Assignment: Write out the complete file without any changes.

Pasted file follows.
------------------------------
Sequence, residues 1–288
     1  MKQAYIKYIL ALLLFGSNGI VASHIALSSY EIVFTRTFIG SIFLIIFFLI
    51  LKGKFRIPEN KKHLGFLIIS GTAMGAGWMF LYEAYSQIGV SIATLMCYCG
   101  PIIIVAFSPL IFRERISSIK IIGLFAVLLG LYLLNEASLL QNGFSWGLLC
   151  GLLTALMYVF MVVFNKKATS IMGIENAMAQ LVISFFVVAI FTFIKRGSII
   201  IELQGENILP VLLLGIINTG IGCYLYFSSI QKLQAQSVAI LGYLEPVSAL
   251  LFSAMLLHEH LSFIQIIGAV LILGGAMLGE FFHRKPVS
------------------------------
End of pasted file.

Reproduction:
Sequence, residues 1–288
     1  MKQAYIKYIL ALLLFGSNGI VASHIALSSY EIVFTRTFIG SIFLIIFFLI
    51  LKGKFRIPEN KKHLGFLIIS GTAMGAGWMF LYEAYSQIGV SIATLMCYCG
   101  PIIIVAFSPL IFRERISSIK IIGLFAVLLG LYLLNEASLL QNGFSWGLLC
   151  GLLTALMYVF MVVFNKKATS IMGIENAMAQ LVISFFVVAI FTFIKRGSII
   201  IELQGENILP VLLLGIINTG IGCYLYFSSI QKLQAQSVAI LGYLEPVSAL
   251  LFSAMLLHEH LSFIQIIGAV LILGGAMLGE FFHRKPVS